Package org.jcae.mesh.oemm

Octree-based External Memory Mesh P.


Interface Summary

Class Summary
Aggregate Merge adjacent octree nodes.
MeshReader This class builds a mesh from disk.
OEMM This class represents an empty OEMM.
OEMM.Node This class represents octants of an OEMM.
PAVLTreeIntArrayDup Implementation of PAVL binary trees to store locational codes.
RawStorage Convert a triangle soup into an OEMM data structure.
Storage This class converts between disk and memory formats.
TraversalProcedure Abstract class to implement OEMM traversal.

Package org.jcae.mesh.oemm Description

Octree-based External Memory Mesh

P. Cignoni, C. Montani, C. Rocchini and R. Scopigno described in their paper External Memory Management and Simplification of Huge Meshes a data structure for out-of-core processing of huge meshes (also called Octree based External Memory Mesh, or OEMM). The org.jcae.mesh.oemm package is a Java implementation of these ideas. Algorithms to build and use this data structure are detailed below.

Building an OEMM

An OEMM structure is designed to handle very large meshes. We cannot work with indexed triangles because storing indices in memory would require lots of RAM. For this reason, our starting point is a triangle soup, which consists of a sequence of triangles, each triangle being represented by the coordinates of its three vertices and predefined attributes. This triangle soup had been computed for instance by running Mesher and setting org.jcae.mesh.Mesher.triangleSoup property to true.

Determination of the octree structure

An empty OEMM is first created with a given maximal depth dmax, and its bounding box is set. This is needed to transform double coordinates into integers (and also the other way around), see OEMM.double2int(double[], int[]) and OEMM.int2double(int[], double[]).

The triangle soup is read a first time by RawStorage.countTriangles(org.jcae.mesh.oemm.OEMM, java.lang.String); for each triangle, vertices are located in the smallest octant (i.e. with the depth specified when creating this octree), and a counter is incremented for all octants containing at least one vertex. At the end of this first pass, we know how many triangles will be collected by each octant.

An optimization is then performed by Aggregate.compute(org.jcae.mesh.oemm.OEMM, int) on this OEMM structure: octants are recursively merged with their siblings if

  1. The total number of triangles is less than a given threshold
  2. Neighbors in the final octree have a depth difference not greater than 2.

The optimized octree has fewer leaves than the original, and the number of neighbors is bounded by a small constant. This property is important so that loading a node and all its neighbors can be performed in constant time. It is also important to understand that there will be trouble if an edge is so long that its vertices belong to non-adjacent leaves. At the moment, this situation is not detected, so dmax must be chosen high enough in order to avoid this problem.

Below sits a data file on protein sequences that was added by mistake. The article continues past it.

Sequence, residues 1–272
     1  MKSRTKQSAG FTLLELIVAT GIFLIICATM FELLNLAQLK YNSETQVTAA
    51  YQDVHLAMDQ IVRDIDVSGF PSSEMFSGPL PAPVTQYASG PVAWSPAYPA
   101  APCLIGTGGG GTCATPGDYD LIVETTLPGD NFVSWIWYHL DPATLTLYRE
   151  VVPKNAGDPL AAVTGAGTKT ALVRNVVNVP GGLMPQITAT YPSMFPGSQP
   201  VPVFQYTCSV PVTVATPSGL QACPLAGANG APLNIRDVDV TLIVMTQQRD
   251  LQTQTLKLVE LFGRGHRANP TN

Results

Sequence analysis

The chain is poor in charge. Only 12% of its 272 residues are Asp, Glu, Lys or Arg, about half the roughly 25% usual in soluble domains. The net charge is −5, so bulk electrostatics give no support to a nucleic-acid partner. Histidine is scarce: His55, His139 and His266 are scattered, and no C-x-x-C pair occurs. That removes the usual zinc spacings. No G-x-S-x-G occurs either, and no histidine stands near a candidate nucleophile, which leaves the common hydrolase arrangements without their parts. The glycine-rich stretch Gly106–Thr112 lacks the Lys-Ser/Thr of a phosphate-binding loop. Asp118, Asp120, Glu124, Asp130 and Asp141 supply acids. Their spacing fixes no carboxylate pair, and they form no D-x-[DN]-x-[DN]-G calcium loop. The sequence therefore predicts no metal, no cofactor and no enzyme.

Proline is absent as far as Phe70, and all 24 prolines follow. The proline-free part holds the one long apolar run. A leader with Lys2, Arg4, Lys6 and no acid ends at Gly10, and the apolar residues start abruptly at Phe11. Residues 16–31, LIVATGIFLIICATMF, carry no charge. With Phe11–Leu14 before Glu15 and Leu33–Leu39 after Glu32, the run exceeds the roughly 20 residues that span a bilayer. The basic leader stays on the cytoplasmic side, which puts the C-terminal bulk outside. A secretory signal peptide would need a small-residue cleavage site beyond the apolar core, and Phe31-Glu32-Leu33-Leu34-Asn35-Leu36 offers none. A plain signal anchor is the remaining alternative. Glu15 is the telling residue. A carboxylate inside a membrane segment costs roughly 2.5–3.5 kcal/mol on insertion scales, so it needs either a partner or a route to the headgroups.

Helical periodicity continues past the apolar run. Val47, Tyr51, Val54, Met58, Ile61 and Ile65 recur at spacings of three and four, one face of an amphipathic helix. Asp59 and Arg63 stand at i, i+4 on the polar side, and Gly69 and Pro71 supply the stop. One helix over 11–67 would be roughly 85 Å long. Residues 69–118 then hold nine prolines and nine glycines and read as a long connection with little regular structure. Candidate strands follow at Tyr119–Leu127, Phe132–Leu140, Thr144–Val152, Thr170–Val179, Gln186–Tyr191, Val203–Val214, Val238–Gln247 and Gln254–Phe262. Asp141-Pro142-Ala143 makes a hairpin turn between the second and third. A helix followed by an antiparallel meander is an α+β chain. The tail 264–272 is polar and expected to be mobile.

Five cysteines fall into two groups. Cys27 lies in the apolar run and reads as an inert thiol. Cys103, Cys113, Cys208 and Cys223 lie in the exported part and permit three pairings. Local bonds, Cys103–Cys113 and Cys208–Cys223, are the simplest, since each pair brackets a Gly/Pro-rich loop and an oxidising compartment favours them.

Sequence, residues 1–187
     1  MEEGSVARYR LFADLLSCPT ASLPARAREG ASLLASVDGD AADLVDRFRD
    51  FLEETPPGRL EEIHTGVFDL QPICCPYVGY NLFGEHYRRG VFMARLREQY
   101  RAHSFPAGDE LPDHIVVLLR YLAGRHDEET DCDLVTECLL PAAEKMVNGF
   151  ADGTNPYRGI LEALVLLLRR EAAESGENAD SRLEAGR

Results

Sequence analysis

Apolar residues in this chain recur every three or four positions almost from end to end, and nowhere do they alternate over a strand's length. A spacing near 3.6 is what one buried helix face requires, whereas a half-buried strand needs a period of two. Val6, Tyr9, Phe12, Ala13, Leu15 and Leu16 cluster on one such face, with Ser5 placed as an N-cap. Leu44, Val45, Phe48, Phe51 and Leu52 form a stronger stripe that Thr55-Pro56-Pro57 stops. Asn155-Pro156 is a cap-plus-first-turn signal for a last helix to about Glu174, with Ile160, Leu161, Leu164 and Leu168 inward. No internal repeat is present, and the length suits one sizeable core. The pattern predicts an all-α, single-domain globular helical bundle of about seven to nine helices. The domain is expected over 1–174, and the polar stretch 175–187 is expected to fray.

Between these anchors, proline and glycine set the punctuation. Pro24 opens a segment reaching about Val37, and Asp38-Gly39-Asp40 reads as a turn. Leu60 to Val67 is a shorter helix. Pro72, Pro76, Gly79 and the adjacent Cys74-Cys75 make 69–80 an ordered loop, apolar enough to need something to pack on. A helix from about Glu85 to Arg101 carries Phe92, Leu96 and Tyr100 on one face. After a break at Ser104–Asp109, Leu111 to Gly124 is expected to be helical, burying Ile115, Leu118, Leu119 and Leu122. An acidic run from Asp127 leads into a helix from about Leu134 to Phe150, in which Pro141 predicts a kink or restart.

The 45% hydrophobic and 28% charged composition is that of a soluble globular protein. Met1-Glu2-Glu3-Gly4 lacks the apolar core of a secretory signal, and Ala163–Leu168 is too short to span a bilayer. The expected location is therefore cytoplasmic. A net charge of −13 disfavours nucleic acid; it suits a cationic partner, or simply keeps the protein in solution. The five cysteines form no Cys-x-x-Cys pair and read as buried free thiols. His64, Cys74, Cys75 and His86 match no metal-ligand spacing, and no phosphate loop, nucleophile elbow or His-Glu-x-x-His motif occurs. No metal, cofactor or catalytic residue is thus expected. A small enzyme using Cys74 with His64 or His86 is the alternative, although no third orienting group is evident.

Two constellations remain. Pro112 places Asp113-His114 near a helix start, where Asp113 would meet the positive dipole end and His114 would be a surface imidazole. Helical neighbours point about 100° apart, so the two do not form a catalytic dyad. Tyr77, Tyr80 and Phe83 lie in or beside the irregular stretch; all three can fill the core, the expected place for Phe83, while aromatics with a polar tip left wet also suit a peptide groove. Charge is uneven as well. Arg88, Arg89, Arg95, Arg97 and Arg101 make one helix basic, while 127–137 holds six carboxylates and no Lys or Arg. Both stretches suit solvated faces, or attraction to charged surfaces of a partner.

Dispatching triangles into octants

Triangles can then be gathered by octants in RawStorage.dispatch(org.jcae.mesh.oemm.OEMM, java.lang.String, java.lang.String, java.lang.String). The previous step counted the number of triangles which will be assigned to each octant. so dispatched file offset for each octant can be computed, Triangles are read a second time from the triangle soup and copied into the right block. This dispatched file is similar to the triangle soup, but triangles have been sorted by octant.

Indexing vertices and triangles

In each octant, triangle soup is replaced by an indexed mesh, and connections to adjacent octants are kept. This is performed by RawStorage.indexOEMM(java.lang.String, java.lang.String) in two steps.

Indexing internal vertices

The final data structure for each octant is composed of its interior vertices and a list of indexed triangles. A preorder traversal of the octree is performed, and vertices are read from the dispatched file. As triangles have been rearranged by octants, a global index can be assigned so that all indices of the first leaf are lower than those of the second leaf, etc. Or in other words, each leaf has an index range which has been already computed, and global indices are equal to the sum of the minimal index OEMM.Node.minIndex and a local index. The task performed during this traversal is thus to identify unique interior vertices. This is done by using PAVLTreeIntArrayDup class, which is an implementation of AVL trees based on Ben Pfaff's GNU libavl.

For each leaf, a list of neighbor leaves was computed during the initial step. The maximal depth difference between neighbor leaves is 2, so a leaf has at most 6*16+12*4+8=152 neighbors, and information about neighbors for vertices can be packed in a byte array. If a triangle contains interior and outer vertices, outer ones are located inside those neighbor leaves, and the index within this list is associated with interior vertices.

Indexing external vertices

The dispatched file is read another time to build a list of indexed triangles. For each octant, interior vertices for itself and all its neighbors are loaded into memory. Triangles are then read again from the dispatched file, and vertices are replaced by their global index (or more precisely by its leaf and local indices).


Creation of a triangle soup:

  java -Dorg.jcae.mesh.Mesher.triangleSoup=true org.jcae.mesh.Mesher hammer.brep RAW 10 0

Transformation of a triangle soup (found in file RAW/soup) into an OEMM data structure, stored into directory oemm, with maximal depth set to 5 and at most 1000 triangles by octant:

  java org.jcae.mesh.MeshOEMMIndex RAW oemm 5 1000

Visualization of an OEMM:

  java org.jcae.mesh.MeshOEMMViewer3d oemm